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Proceedings Paper

A new test facility for the E-ELT infrared detector program
Author(s): Jean Louis Lizon; Paola Amico; Martin Brinkmann; Bernard Delabre; Gert Finger; Ivan Maria Guidolin; Ronald Guzman; Renate Hinterschuster; Derek Ives; Barbara Klein; Marco Quattri
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Paper Abstract

During the development of the VLT instrumentation program, ESO acquired considerable expertise in the area of infrared detectors, their testing and optimizing their performance. This can mainly be attributed to a very competent team and most importantly to the availability of a very well suited test facility, namely, IRATEC. This test facility was designed more than 15 years ago, specifically for 1K × 1K detectors such as the Aladdin device, with a maximum field of only 30 mm square. Unfortunately, this facility is no longer suited for the testing of the new larger format detectors that are going to be used to equip the future E-ELT instruments. It is projected that over the next 20 years, there will be of the order of 50-100 very large format detectors to be procured and tested for use with E-ELT first and second generation instruments and VLT third generation instruments. For this reason ESO has initiated the in-house design and construction of a dedicated new IR detector arrays test facility: the Facility for Infrared Array Testing (FIAT). It will be possible to mount up to four 60 mm square detectors in the facility, as well as mosaics of smaller detectors. It is being designed to have a very low thermal background such that detectors with 5.3 μm cut-off material can routinely be tested. The paper introduces the most important use cases for which FIAT is designed: they range from performing routine performance measurements on acquired devices, optimization setups for custom applications (like spot scan intra-pixel response, persistence and surface reflectivity measurements), test of new complex operation modes (e.g. high speed subwindowing mode for low order sensing, flexure control, etc.) and the development of new tests and calibration procedures to support the scientific requirements of the E-ELT and to allow troubleshooting the unexpected challenges that arise when a new detector system is brought online. The facility is also being designed to minimize the downtime required to change to a new detector and then cool it down, ready for testing. The status of the opto-mechanical and cryogenic design is also described in detail, with particular emphasis on the technical solutions identified to fulfill the FIAT top level requirements. We will also describe how the FIAT project has been set-up as a training facility for the younger generation of engineers who are expected to take over the job from the experienced engineers and ensure that the lessons learnt in so many years of successful IR instrumentation projects at ESO are captured for this next generation.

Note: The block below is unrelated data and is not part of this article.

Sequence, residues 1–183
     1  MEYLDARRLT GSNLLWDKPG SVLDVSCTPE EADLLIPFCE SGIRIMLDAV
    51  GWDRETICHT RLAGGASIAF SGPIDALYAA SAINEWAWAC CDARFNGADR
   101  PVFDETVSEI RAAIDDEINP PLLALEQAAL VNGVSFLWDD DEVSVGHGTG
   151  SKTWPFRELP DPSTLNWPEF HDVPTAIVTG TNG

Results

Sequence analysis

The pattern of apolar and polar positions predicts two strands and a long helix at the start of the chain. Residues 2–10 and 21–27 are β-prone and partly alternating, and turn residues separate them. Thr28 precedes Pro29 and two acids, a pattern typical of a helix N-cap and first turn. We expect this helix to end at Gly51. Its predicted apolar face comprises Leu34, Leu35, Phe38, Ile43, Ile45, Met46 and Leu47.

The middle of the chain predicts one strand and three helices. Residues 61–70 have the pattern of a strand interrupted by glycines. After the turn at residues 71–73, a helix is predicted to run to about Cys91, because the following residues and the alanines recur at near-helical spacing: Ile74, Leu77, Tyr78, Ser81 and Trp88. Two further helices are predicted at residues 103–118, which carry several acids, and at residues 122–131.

Paper Details

Date Published: 9 August 2016
PDF: 10 pages
Proc. SPIE 9908, Ground-based and Airborne Instrumentation for Astronomy VI, 99089I (9 August 2016); doi: 10.1117/12.2231635
Show Author Affiliations
Jean Louis Lizon, European Southern Observatory (Germany)
Paola Amico, European Southern Observatory (Germany)
Martin Brinkmann, European Southern Observatory (Germany)
Bernard Delabre, European Southern Observatory (Germany)
Gert Finger, European Southern Observatory (Germany)
Ivan Maria Guidolin, European Southern Observatory (Germany)
Ronald Guzman, European Southern Observatory (Germany)
Renate Hinterschuster, European Southern Observatory (Germany)
Derek Ives, European Southern Observatory (Germany)
Barbara Klein, European Southern Observatory (Germany)
Marco Quattri, European Southern Observatory (Germany)

Published in SPIE Proceedings Vol. 9908:
Ground-based and Airborne Instrumentation for Astronomy VI
Christopher J. Evans; Luc Simard; Hideki Takami, Editor(s)

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